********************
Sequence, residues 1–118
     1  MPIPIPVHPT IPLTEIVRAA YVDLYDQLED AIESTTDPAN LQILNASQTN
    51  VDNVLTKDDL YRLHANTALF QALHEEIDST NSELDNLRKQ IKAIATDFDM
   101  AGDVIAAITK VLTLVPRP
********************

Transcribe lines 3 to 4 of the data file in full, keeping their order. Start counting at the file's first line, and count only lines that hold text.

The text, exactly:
    51  VDNVLTKDDL YRLHANTALF QALHEEIDST NSELDNLRKQ IKAIATDFDM
   101  AGDVIAAITK VLTLVPRP